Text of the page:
Format: DVD from DeKalb Public Library on laptop.
Boyhood took me two tries to get through. I tried to watch it a couple of months ago, got about 25 minutes into it, and just wasn’t feeling like I wanted to continue. I got it from the library again, and have waited on it, the disc sitting on top of a pile of DVDs for almost three weeks. It’s due back at the library tomorrow, and it’s one of the two movies standing between me and recompleting the 1001 Movies list for the year. It wasn’t “now or never,” but it is a case of needing to get it watched or delaying for even longer.
This is evidence that mood can really affect the way we perceive a film. I don’t think I got the point of Boyhood the first time I tried to watch it. In my defense, Boyhood is a slow-starter. Actually, it’s a slow movie all the way around, but that’s really the point. It’s a film that is simultaneously too much for the medium and not nearly enough at the same time. That’s a drawback, certainly, but it’s also the main strength of the film and the concept behind it.
It’s the concept that is the most interesting here. We watch the story of a broken family more or less through the eyes of a child going from six years old to 18 and his first day in college. Director and writer Richard Linklater essentially filmed a series of connected short films that literally trace these characters over the course of 12 actual years of life. The story is fiction, of course, but the actors are the same year over year. There’s no need to find someone who looks like the same kid a couple of years later—it is the same kid a couple of years later. Linklater started the project a dozen years earlier and continued to work on it with the same cast yearly until it was completed.
If nothing else, the way that Boyhood was made merits all of the attention the film has received. This is an enormous project, one of truly massive and impressive vision and scope. In a real sense, it would be similar to actually raising a child, which is basically what happens on camera for the nearly three-hour running time of the film.
What’s most interesting to me is that Boyhood’s plot is really all that I’ve said so far—we watch Mason Evans Jr. (Ellar Coltrane) grow up. He fights with and then doesn’t fight with his sister Samantha (Lorelei Linklater), deals with the up and down relationships of his mother Olivia (Patricia Arquette), and deals with the absence and later bonding with his father Mason Sr. (Ethan Hawke). We see Mason fall in love, discover a talent for photography, deal with moving, being bullied, and at one point dealing with Olivia’s drunken and abusive second husband Bill (Marco Perella). But a plot summary more than this is kind of unnecessary. Aside from a few specific moments, we don’t really see a lot of “plot” events. We just see life. It’s helpful that Ellar Coltrane has some physical similarity to Ethan Hawke.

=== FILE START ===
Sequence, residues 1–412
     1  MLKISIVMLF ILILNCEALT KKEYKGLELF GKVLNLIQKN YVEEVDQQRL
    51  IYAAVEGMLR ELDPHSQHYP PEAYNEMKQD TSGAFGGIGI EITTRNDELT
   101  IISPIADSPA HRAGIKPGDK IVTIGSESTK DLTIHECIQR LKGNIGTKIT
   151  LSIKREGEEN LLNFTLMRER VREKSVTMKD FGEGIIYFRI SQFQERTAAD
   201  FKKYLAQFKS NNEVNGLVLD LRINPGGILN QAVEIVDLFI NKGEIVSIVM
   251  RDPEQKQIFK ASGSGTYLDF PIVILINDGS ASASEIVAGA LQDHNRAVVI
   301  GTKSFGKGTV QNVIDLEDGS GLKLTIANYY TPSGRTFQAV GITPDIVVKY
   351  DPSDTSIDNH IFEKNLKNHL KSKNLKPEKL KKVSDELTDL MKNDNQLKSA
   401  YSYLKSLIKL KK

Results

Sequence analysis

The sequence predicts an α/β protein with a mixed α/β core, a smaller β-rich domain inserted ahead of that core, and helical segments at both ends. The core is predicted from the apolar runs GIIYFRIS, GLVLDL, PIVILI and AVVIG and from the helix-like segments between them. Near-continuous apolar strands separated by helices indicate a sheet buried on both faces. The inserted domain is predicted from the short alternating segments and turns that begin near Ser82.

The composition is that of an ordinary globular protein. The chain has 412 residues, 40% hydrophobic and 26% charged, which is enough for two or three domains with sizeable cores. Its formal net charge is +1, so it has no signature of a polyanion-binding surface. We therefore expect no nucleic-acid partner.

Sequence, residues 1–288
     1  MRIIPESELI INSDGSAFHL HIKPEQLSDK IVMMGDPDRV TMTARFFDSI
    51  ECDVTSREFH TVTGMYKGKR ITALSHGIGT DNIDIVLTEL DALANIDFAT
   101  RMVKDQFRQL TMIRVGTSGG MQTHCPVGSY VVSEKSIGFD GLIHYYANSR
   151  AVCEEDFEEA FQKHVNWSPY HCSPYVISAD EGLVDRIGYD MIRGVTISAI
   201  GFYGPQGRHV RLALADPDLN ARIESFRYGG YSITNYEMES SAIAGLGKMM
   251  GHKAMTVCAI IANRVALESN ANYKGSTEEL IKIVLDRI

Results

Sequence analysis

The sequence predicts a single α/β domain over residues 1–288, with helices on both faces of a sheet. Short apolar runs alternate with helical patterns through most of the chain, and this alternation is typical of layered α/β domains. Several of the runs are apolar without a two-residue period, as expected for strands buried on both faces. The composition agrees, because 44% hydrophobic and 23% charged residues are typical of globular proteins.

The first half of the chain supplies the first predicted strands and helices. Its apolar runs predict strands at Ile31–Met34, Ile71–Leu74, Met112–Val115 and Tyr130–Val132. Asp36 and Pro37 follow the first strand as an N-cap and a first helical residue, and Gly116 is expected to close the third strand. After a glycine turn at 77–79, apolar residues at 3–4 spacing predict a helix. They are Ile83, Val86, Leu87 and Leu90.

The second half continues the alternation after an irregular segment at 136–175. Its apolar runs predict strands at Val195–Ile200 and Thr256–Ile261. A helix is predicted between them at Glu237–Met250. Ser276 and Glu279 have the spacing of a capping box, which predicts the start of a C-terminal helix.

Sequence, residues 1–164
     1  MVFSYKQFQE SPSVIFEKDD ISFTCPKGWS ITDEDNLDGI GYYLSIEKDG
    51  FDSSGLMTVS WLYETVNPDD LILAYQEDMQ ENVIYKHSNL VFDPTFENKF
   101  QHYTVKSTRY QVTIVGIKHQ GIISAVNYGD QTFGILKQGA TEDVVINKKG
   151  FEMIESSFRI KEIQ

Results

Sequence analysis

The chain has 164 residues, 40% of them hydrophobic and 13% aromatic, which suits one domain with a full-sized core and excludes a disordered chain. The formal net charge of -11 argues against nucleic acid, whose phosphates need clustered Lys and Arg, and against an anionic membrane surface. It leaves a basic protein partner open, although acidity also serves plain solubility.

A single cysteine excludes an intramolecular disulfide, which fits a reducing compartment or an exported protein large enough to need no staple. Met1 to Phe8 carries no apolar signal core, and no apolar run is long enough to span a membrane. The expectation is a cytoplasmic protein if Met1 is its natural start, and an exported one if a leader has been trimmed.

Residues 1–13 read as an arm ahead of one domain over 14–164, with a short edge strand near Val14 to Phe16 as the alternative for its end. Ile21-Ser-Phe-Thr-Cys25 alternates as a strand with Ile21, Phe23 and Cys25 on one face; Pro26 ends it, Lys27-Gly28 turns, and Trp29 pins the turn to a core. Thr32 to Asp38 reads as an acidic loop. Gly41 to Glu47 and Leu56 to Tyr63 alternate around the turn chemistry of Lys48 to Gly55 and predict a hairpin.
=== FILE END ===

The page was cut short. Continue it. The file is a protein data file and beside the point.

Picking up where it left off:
I still think Boyhood is a rough go in the early part of the film, particularly because neither of the kids are very good actors at that point. They both grow into the roles, and Ellar Coltrane in particular is actually pretty good by the end of the film. Both Arquette and Hawke were nominated for Supporting Oscars (Arquette winning), and both were good nominations. I don’t have a firm opinion on Patricia Arquette, but she’s believable all the way through and plays a real person instead of a character type. I think it’s also about the best work I’ve seen from Ethan Hawke, and I tend to like him in general. It was also a nice blast from the past to see Charlie Sexton as Mason Sr.’s friend Jimmy. I’m old enough to remember when Charlie Sexton got some radio play.
The thing is, aside from this, there isn’t a great deal to actually say about Boyhood. It is, in a very real way, life. We see not just the important and critical events, but we do get a sense of the characters and a sense of the life that the people in the family have lived.
I’m a parent. I get it. I look at my kids now and wonder exactly how it happened that they are 17 and 12 instead of the little kids they used to be. I get the frustrated rant from Olivia at the end of the film. This is what I mean when I say that there’s both too much here and not enough. Because much of what we see are just events from Mason’s life, there isn’t a throughline other than Mason grows up. But it’s also not enough, because life is made up of thousands upon thousands of these moments, and the ones we get just aren’t enough.
I think that’s a good thing. One of the keys to being a successful performer is always leaving the audience wanting more, and Boyhood does that. It’s a hell of a concept and Linklater and his team realized it beautifully. If it weren’t a great film, it would still be an artistic triumph. That it’s absolutely worth watching is simply more impressive.
Why to watch Boyhood: It’s the stuff that lives are made of.
Why not to watch: It’s both too much and not enough.